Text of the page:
GRAND RAPIDS, Mich. (WOOD) — A Mary Free Bed clinic is helping people who are blind and visually impaired go running or walking.
“I’m totally blind, first off,” said Robert Parsons. “I have been blind for almost eight years.”
A horrific incident in 2013 left him blind.
“A home invasion in which two men broke into my home and shot me in the face,” said Parsons.
Despite this, Parsons, who is a graduate student at Western Michigan University, found a way to persevere, by helping others.
“I discovered rehabilitation counseling to work with people with disabilities on how they can pick themselves back up and continue to push forward and live productive lives,” said the WMU student.
Parsons takes part in the walking and running clinic for blind and visually impaired people offered by Mary Free Bed Wheelchair and Adaptive Sports and the Association for the Blind and Visually Impaired.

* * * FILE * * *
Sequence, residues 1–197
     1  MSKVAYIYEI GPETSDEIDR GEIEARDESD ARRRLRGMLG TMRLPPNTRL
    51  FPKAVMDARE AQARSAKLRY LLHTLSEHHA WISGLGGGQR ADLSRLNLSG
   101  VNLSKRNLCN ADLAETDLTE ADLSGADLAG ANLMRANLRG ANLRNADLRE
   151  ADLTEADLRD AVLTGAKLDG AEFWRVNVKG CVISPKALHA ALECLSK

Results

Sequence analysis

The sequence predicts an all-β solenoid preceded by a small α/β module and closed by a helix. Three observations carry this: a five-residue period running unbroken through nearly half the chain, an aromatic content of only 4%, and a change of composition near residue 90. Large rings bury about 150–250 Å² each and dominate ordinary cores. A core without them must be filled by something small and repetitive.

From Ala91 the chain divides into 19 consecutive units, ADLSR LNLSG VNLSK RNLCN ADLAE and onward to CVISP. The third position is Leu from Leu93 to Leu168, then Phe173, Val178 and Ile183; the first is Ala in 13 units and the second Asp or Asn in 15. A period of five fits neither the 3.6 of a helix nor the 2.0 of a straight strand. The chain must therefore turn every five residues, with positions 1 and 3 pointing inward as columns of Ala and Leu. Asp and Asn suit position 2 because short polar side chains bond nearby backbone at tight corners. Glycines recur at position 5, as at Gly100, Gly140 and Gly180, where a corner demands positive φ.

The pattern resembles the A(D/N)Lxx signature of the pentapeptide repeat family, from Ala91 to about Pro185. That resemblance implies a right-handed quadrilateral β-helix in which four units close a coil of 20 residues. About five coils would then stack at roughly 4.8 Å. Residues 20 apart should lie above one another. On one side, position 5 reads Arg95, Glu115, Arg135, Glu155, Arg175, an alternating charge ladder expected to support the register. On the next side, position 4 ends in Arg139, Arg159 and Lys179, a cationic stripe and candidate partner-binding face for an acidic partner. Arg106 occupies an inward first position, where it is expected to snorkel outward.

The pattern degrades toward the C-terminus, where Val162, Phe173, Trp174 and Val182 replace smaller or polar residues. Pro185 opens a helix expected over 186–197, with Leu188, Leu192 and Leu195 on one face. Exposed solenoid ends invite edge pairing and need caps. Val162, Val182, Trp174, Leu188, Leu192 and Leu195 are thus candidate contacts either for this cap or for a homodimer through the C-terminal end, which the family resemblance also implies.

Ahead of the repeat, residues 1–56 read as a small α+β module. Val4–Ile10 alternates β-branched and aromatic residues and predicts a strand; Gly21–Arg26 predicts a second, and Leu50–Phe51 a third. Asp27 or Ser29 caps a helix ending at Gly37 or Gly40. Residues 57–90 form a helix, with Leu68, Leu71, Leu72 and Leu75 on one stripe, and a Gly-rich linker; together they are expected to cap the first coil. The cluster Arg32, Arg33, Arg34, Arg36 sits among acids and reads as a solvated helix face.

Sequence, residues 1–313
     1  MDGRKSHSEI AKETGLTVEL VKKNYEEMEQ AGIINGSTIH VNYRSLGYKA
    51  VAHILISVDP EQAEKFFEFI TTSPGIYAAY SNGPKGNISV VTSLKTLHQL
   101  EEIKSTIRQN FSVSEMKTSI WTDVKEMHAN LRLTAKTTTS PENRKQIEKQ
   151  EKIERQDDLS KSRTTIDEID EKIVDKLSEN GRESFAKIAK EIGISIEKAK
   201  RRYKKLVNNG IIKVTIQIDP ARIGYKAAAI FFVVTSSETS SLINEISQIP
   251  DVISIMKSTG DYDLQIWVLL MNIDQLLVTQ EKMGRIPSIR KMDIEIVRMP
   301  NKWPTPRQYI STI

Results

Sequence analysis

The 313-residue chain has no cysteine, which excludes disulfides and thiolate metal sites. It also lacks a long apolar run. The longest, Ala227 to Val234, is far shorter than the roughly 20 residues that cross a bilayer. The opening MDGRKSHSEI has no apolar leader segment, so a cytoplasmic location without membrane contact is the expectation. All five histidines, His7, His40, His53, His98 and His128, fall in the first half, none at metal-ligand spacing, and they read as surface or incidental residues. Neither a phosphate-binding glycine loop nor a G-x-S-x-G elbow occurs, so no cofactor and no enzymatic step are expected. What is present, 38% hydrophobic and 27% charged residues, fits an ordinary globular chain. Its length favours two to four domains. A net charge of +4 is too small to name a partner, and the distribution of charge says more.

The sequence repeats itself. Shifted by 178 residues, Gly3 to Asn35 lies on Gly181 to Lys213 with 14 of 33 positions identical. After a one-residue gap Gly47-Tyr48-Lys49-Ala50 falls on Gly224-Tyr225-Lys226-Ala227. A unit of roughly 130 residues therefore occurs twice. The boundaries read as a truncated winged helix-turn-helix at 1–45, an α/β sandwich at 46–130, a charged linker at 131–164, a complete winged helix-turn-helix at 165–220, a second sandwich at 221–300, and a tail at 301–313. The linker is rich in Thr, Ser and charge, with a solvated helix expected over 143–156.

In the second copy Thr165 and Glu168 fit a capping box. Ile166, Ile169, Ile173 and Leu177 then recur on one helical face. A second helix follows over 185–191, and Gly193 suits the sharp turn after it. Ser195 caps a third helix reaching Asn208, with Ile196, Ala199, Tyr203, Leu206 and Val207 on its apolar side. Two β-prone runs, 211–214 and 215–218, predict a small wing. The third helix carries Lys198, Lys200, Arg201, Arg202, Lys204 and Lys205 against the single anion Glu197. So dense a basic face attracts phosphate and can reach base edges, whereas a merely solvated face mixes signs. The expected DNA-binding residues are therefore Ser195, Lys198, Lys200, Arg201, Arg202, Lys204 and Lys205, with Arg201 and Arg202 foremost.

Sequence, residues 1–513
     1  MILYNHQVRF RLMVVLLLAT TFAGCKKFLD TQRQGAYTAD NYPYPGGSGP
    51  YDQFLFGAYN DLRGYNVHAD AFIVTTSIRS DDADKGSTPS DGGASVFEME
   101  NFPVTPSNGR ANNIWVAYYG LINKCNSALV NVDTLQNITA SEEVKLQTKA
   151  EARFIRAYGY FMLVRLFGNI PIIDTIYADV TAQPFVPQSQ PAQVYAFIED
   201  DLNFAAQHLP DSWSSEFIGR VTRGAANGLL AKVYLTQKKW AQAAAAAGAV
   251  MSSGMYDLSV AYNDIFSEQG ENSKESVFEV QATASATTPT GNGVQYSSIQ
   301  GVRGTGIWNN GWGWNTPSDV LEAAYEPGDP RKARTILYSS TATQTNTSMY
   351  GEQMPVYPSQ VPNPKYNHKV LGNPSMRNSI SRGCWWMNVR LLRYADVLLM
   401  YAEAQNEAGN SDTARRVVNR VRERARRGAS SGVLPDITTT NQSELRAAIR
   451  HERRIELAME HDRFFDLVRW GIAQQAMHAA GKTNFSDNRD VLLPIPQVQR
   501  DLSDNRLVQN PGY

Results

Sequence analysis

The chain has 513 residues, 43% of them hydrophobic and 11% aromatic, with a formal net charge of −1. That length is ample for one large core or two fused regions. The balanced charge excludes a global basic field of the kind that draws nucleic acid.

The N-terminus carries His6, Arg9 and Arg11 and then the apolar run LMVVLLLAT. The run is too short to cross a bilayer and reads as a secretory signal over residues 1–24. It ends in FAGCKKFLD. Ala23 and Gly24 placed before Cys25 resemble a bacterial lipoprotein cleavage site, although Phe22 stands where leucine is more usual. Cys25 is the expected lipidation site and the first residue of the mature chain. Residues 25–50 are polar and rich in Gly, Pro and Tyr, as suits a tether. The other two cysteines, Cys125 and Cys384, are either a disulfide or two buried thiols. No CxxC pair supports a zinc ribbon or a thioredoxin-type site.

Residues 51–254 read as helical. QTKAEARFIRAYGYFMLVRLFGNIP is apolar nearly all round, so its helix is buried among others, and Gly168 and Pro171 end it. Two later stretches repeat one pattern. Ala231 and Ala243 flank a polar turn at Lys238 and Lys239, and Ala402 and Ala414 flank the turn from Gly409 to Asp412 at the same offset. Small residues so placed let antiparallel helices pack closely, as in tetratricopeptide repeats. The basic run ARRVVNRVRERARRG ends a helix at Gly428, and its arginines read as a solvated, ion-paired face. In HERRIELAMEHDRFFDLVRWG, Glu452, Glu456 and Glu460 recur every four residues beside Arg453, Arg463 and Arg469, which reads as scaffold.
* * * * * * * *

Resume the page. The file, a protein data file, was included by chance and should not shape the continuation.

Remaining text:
Parsons, who is an intern at ABVI, helps lead the three-week clinic.
Participants who are blind or visually impaired are paired up with a volunteer who helps them walk or run. It’s an exercise that requires trust from both sets of participants.
“I was super nervous the first day, especially watching the videos on how to do this,” said Christi Boze, a medical student at Michigan State University who volunteers as a guide. “You’re helping them not run into things.”
Once they begin to build a relationship, they can progress to quicker movement.
“We were walking last week,” said Boze. “Today, power walking and it was pretty fast.”
This is the first time Mary Free Bed offers the clinic. There are plans to host another clinic later this year.
More information can be found on their website.